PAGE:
Gove calls on MPs to consider the benefits of the Northern Ireland protocol

Cabinet office minister stresses European Union’s responsibility to help deal with “significant challenges” the measure poses

 Michael Gove: “There are folk in the EU who have a tendency to see the Good Friday Agreement just in terms of North/South relations and they haven’t appreciated both the balance within Northern Ireland and the importance of east/west relations as well.” Photograph: AFP via Getty Images

Michael Gove: “There are folk in the EU who have a tendency to see the Good Friday Agreement just in terms of North/South relations and they haven’t appreciated both the balance within Northern Ireland and the importance of east/west relations as well.” Photograph: AFP via Getty Images

 

Britain’s cabinet office minister Michael Gove has urged MPs to consider the benefits of the Northern Ireland protocol as well as its “significant challenges”.

Mr Gove said that David Frost, the minister responsible for relations with the European Union, was working through those challenges.

“But it also is the case, as a number of business organisations have pointed out in Northern Ireland, that a properly functioning protocol can bring benefits. It is important that we deal with the challenges but also keep an eye on the opportunities, and I think David has been right in his approach which is to stress to the EU that they have a responsibility to help deal with it,” he said.

“There are folk in the EU who have a tendency to see the Good Friday Agreement just in terms of North/South relations and they haven’t appreciated both the balance within Northern Ireland and the importance of east/west relations as well.”

Mr Gove was speaking after Lord Frost suggested that Britain could unilaterally suspend the protocol by triggering Article 16 on the basis that it is causing trade diversion, one of the grounds for suspension identified in the text of the agreement.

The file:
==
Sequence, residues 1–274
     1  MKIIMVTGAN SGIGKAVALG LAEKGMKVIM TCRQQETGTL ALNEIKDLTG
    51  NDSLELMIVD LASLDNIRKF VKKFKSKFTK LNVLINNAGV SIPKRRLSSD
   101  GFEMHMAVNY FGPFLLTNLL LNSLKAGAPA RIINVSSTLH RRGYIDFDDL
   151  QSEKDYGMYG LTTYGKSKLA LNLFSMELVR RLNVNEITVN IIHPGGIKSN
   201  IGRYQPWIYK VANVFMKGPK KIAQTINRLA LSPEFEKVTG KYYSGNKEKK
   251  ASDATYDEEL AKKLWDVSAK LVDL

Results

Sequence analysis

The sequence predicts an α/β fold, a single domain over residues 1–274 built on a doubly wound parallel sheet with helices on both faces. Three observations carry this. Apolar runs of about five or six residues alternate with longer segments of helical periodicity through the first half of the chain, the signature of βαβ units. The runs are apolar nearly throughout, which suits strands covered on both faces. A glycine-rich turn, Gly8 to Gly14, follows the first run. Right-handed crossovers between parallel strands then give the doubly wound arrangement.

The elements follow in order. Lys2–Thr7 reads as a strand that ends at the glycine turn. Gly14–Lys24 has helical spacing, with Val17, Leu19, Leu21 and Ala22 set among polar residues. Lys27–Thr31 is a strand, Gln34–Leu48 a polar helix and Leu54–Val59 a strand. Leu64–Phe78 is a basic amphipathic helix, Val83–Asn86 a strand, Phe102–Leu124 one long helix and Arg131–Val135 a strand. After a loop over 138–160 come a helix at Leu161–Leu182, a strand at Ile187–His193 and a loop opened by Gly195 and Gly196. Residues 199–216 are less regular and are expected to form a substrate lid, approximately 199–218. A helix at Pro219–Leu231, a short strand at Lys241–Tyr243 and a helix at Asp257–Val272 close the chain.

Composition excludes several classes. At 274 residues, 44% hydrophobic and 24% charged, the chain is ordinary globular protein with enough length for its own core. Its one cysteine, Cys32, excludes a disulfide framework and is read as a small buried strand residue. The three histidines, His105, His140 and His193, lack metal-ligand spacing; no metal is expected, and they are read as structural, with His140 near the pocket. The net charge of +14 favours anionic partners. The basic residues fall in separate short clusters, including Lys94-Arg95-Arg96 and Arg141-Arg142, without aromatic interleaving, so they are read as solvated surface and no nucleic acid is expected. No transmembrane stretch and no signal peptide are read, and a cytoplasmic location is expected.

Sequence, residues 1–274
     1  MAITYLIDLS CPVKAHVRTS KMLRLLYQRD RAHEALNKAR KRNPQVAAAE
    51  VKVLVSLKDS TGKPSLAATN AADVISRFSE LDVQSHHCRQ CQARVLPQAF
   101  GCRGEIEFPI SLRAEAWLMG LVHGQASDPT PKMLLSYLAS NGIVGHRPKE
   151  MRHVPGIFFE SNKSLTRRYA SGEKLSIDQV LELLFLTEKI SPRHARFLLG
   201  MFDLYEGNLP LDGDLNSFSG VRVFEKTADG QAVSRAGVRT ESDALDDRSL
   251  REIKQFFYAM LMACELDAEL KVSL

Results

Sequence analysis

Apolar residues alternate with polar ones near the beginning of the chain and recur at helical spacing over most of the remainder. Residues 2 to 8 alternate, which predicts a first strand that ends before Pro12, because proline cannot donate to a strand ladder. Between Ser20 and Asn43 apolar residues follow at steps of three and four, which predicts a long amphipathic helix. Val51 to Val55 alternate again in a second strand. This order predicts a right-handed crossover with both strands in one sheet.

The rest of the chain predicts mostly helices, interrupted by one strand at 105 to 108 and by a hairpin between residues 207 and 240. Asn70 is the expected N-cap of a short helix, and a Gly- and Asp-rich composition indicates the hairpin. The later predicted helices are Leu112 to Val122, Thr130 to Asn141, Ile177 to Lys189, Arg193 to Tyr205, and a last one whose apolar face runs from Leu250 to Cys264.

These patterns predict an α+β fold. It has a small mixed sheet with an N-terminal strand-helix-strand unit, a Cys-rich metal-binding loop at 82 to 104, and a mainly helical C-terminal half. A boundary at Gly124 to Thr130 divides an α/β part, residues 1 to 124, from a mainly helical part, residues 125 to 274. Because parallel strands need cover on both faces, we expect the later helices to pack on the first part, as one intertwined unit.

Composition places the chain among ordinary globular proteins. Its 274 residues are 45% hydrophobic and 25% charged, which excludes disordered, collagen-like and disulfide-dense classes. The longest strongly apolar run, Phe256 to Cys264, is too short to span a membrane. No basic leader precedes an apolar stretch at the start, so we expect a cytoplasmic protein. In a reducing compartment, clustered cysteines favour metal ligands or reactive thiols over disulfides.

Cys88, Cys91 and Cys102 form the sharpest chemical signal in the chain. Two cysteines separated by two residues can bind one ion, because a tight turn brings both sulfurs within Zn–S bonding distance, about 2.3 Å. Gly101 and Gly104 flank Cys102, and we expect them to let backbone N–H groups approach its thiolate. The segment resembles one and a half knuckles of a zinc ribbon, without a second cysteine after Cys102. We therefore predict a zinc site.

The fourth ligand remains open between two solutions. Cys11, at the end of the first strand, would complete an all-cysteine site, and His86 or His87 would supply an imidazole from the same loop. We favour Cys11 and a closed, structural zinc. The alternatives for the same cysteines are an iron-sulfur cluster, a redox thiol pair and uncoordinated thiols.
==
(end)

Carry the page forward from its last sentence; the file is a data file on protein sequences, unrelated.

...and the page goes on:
“The problem we’ve got is that the boundary for trade purposes is proving more of a deterrent to trade and more of a generation of trade diversion than many people expected,” he said in an interview with The Spectator.

Lord Frost blamed the EU’s threat to invoke Article 16 to protect vaccine supplies in January for changing the way unionists looked at the protocol. He said he negotiated the protocol in 2019 under parliamentary duress from Westminster, admitting that he was taken by surprise by the effect of the agreement he signed up to.

“At the time we expected to be able to get some facilitations that we didn’t get. We expected there would be a trusted trader scheme, for example. We expected, like every other free trade agreement, there’d be an equivalence mechanism in there. None of that we’ve got,” he said.

Lord Frost has identified the start of the marching season in Northern Ireland as a target date for agreeing new arrangements with the EU for implementing the protocol. He caused controversy last week by meeting members of the Loyalist Communities Council, which includes representatives of paramilitary organisations.

Labour MP Karin Smyth told Mr Gove that the ignorance about the details of the protocol shown by British government ministers was shocking.

“It was perhaps surprising that Lord Frost said last week that the government and ministers perhaps didn’t understand the protocol that they had indeed drafted,” she said

“I agree with Lord Frost; the level of ignorance amongst many ministers speaking at the despatch box about the UK not understanding the very different situation of Northern Ireland has really been quite shocking. How can you support civil servants understanding this complicated relationship when, with due respect, UK ministers are being really quite ignorant about the special circumstances of Northern Ireland.”